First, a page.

At the end of the school year the music teacher of my daughter, Fonsa ten Velde, organizes a performance afternoon. All her younger students play for the other students and their family. Fonsa is a wonderful teacher, her youngest student is 7 years old, her oldest 89 (!) years.
This drawing was drawn from life on my iPad with the Paper53 app.
My 11-year-old daughter has joined the Artis Ateliers, drawing lessons at the Artis Zoo in Amsterdam. Every time she comes home with beautiful drawings. And she is very enthusiastic herself too, about the lessons themselves and the results.
Last saturday I was together with my daughter at a meetup of Julia Kay’s Portrait Party in Oxford. We drew, ate and socialized from 11 in a community centre. Julia Kay’s Portrait Party is a virtual Portrait Party in which artists draw each other from photos posted on Flickr for that purpose. All members of the group are therefore both subjects of portraits and creators of portraits. Members of JKPP sometimes organise meetups IRL (in real life). Martin Beek, Jane Sherwood and Margarita Perez Garcia organised a third (or fourth?) IRL meetup in Oxford. It was again great to meet the JKPP members I already met in Oxford and Brussels in 2011.
I found on Flickr the funny drawings of Ellis Nadler the Paper53 drawing app. This app doesn’t have endless possibilities like the apps Brushes, Procreate and Inspire Pro. Though Paper53 does have limited possibilites (no layers, no image import, fiveand pencils, it does give very beautiful results.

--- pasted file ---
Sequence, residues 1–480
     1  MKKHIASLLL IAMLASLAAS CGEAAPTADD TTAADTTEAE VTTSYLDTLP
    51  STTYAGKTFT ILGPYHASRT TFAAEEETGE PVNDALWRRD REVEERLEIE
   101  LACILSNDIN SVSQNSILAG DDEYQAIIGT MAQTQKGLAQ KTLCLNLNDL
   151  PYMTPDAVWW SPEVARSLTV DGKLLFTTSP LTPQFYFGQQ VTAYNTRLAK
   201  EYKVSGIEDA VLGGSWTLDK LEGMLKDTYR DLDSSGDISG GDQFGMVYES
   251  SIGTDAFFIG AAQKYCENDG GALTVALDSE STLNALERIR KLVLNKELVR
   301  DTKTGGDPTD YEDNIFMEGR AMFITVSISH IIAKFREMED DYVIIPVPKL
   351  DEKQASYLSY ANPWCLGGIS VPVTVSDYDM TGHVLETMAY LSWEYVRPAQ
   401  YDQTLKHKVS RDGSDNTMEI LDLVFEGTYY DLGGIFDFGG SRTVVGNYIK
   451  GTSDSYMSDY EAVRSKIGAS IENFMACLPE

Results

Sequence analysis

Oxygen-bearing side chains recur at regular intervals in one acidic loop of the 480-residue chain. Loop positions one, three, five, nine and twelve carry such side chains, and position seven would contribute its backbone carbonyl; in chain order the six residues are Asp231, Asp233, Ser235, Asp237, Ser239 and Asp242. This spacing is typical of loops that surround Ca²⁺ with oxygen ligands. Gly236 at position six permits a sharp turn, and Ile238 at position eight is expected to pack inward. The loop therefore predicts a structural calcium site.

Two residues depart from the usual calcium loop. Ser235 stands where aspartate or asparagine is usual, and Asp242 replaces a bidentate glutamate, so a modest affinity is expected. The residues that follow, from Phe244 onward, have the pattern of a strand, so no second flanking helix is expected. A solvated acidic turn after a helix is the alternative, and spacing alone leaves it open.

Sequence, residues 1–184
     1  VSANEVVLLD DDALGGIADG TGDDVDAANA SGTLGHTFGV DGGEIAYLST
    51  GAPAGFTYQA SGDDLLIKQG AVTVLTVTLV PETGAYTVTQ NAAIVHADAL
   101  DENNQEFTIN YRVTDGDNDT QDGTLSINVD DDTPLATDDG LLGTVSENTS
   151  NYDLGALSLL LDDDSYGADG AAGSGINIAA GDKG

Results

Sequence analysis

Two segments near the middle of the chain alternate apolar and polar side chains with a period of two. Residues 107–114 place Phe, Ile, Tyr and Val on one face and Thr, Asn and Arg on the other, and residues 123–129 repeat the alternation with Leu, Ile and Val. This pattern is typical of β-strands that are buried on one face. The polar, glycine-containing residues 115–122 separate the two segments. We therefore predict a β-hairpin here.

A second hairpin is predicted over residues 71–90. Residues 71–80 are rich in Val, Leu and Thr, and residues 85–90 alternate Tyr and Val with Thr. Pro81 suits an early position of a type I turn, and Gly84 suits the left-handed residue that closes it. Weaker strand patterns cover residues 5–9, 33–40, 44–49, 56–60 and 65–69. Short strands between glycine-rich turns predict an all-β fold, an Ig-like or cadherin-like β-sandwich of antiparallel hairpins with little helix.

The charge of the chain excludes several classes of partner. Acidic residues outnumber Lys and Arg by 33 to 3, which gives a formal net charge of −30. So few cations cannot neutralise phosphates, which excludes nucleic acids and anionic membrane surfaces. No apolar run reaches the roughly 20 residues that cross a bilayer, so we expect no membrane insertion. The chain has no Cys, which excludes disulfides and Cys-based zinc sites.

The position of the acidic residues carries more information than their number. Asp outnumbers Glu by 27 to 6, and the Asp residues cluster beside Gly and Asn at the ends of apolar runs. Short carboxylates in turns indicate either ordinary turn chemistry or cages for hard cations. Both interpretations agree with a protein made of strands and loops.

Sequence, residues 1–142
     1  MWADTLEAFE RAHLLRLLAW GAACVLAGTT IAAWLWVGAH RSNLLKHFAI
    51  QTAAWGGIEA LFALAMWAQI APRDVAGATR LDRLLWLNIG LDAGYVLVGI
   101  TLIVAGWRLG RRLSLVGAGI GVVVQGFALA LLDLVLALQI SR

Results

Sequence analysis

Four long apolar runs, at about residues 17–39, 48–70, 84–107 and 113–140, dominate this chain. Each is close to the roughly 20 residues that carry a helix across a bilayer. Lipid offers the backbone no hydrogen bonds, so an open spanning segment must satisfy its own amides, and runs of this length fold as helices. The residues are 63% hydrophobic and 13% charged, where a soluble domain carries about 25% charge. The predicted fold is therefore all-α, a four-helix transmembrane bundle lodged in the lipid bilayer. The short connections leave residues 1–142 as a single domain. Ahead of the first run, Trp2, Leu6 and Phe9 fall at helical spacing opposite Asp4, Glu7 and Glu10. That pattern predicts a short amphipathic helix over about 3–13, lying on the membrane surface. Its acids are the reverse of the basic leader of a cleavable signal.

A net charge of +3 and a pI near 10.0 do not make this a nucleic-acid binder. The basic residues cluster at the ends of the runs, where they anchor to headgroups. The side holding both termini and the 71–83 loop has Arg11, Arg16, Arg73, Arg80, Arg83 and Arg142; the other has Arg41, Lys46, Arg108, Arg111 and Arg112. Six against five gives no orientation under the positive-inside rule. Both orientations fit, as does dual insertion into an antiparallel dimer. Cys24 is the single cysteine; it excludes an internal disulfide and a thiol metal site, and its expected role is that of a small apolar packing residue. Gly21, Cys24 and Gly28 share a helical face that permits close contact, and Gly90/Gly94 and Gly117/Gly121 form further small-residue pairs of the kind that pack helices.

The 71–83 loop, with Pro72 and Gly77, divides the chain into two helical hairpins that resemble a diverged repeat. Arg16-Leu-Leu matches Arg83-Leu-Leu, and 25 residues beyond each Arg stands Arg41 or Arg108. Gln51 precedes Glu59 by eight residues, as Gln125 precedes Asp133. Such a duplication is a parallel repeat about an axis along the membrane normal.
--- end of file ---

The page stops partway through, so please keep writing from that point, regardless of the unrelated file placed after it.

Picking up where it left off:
Me, my daughter and her friend painted a fish to support the Paint a Fish campaign. This campaign aims to restore EU fish stocks for future generations. You can add your picture to their gallery and help build a big virtual stock to tell EU leaders to take action to refill our seas.
We made the drawings with the Brushes app and then uploaded it to Paint a Fish site, you can also make the drawing online, with the paint-a-fish online tool.
I found this through the Facebook-page of the Dutch Campaign for Drawing.
Drawing my daughter while she is drawing. It is much more easy to draw old, wrinkly people then young children. I did draw her on the ferry from Rotterdam to Hull in October. We stayed in Hull for one day, visiting The Deep aquarium. And we visited the Wilberforce House Museum. William Wilberforce was a famous campaigner against the slave trade. From the website: “The museum tells the story of the trans-Atlantic slave trade and its abolition, as well as dealing with contemporary slavery. Galleries also offer a fascinating glimpse into West African culture.”
My daughter started to draw animals, from a how-to-draw book, and I joined in. She is very satisfied with her results. This is rather new, she used to be very unsatisfied with her own drawing, especially if she wanted to draw realistically.
I bought for my 9-year-old daughter the dutch translation of the book ‘Drawing for the Artistically Undiscovered’ by Quentin Blake and John Cassidy. It is a fun book and my daughter loves to draw in it. Blake advises to use a watercolor pencil and then rub over it with a wet finger. I like the simplicity of it and used it in this drawing of Anna Black. It seems as a good starting point for me to discover the use of color.